A Flash Flood is caused by intense heavy rains over a short amount of time and leaves more water than the ground can absorb. A Flood Watch means conditions are right for a flood to occur. A Flood Warning means flooding is occurring or imminent. Several factors contribute to flooding, intensity and duration. Topography, soil conditions, and ground cover also play important roles. Another contributing factor to flooding is the amount of impervious area (i.e. parking lots, roads). About 10 % of the United States is impervious area. Fields and woodlands that once slowed and absorbed rain waters are now parking lots and roadways which allow heavy rains to drain into storm drains and sewers and eventually creeks and rivers.


 Except for heat related fatalities, more deaths occur from flooding than any other hazard. Why? Most people fail to realize the power of water. For example, six inches of fast-moving flood waters can sweep you off your feet. While the number of fatalities can vary dramatically with weather conditions from year to year, the national 30-year average for flood deaths is 127. That compares with a 30-year average of 73 deaths for lightning, 65 for tornadoes and 16 for hurricanes.

 National Weather Service data also shows:
%u2022 Nearly half of all flash flood fatalities are vehicle-related,
%u2022 The majority of victims are males, and
%u2022 Flood deaths affect all age groups.

Television and radio broadcast "Watches and Warnings" to broad areas. The local source for information pertaining to Delaware County is WLBC 104.1, WMDH 102.5 FM, and The Starpress (weather text alerts)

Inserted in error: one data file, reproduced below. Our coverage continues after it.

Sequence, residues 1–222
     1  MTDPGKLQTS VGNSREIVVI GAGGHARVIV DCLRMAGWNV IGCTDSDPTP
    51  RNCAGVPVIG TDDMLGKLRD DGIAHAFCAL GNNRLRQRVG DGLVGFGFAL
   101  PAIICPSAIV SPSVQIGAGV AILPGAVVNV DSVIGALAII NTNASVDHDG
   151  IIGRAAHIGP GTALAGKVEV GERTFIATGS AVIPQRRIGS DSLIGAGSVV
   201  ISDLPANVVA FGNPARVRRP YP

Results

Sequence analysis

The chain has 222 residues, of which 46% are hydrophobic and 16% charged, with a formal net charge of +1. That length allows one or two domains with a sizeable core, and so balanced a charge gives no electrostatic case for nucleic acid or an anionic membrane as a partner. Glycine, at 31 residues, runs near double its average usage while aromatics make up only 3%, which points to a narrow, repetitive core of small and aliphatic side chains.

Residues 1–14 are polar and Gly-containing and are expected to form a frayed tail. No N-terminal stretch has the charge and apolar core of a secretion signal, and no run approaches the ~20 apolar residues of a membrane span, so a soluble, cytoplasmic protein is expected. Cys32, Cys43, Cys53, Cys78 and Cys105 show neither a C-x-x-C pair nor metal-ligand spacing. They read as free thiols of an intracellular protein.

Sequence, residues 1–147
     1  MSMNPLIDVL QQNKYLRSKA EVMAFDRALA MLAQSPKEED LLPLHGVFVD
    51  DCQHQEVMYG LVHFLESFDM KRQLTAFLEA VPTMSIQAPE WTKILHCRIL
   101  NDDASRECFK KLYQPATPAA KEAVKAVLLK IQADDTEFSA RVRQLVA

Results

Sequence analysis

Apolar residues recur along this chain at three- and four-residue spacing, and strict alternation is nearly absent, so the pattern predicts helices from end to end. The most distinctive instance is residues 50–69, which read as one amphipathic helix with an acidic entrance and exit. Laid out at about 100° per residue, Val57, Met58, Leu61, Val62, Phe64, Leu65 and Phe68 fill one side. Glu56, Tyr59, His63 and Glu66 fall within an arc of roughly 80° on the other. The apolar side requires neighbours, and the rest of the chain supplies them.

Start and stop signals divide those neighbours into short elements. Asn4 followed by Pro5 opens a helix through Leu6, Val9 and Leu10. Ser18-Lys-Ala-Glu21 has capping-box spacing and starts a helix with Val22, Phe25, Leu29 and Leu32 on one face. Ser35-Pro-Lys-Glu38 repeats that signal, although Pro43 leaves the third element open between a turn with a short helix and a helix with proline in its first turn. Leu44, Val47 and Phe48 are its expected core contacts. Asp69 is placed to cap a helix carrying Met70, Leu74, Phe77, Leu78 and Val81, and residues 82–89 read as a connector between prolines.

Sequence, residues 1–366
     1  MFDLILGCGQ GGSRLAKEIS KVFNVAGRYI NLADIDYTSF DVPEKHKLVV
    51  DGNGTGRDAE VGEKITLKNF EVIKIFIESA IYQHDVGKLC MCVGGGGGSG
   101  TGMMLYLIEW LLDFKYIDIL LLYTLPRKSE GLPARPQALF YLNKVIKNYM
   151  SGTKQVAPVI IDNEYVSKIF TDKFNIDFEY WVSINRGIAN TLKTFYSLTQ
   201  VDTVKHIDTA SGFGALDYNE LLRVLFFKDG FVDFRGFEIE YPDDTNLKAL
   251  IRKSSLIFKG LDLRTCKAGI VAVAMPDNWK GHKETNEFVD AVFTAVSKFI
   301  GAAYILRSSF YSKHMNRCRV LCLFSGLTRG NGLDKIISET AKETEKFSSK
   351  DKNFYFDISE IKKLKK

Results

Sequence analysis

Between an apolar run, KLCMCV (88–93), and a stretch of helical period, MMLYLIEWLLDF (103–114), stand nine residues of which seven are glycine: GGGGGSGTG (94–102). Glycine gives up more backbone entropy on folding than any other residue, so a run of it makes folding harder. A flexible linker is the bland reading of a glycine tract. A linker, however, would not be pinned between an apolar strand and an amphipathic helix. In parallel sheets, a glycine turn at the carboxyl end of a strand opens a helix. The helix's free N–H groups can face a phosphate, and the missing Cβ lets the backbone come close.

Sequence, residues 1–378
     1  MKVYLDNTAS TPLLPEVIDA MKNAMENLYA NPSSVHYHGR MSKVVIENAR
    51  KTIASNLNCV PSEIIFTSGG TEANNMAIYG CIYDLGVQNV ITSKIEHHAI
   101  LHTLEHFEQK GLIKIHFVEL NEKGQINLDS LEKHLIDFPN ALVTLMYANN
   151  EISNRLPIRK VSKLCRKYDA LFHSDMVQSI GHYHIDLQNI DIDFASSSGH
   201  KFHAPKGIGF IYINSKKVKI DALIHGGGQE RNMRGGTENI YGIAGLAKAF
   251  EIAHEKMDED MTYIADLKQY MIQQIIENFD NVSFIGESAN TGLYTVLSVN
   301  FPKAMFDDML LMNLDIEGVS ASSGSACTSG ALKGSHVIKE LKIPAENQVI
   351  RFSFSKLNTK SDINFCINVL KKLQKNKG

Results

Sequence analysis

Before a flood occurs, elevate items such as outside air conditioning units, washer & dryer, any your hot water heater. Seal vents to prevent flooding. If flooding should occur at your location, immediately shut off your electricity at the circuit breakers. This will prevent short circuiting of electrical appliances. In many cases with minor flooding, the appliances can be cleaned and put back into use again. If the power was left on in a flood, you risk being electrocuted, along with expensive repairs to short circuit appliances. Protect your investments and know your flood risks. Again, knowing the terrain and history of flooding in your neighborhood is the best information. Purchase a NOAA Weather Radio and monitor it for severe weather events.

Your Homeowners Insurance may not cover floods, and you don't have to live in the floodplain to purchase it. Keep an inventory of your household items. This will help, should you have to file an insurance claim. A few simple steps now will help save your memories. Even in most severe floods, houses usually are not completely submerged. Hang photos a little higher, if flooding is a problem in your area. If you have photos/photo albums and mementos lying around, store them in a plastic storage container. If you usually have these items sitting out on display, have an empty plastic storage container readily available, in the event of a flood.  For personal protection  cover all cuts and open wounds to prevent infection during clean-up. Wear boots and rubber gloves at all times. In cases where splashing may occur, wear eye protection and a dust mask.

Flood Safety Tips  
Know your flood risk. Be prepared to evacuate if your area is known to flood. Know your evacuation routes. Keep your vehicle fueled. Store drinking water in a safe place. Store food that requires little or no cooking or refrigeration. Keep a disaster supply kit ready and accessible. Have first aid supplies, a NOAA Weather Radio, flashlights and extra batteries.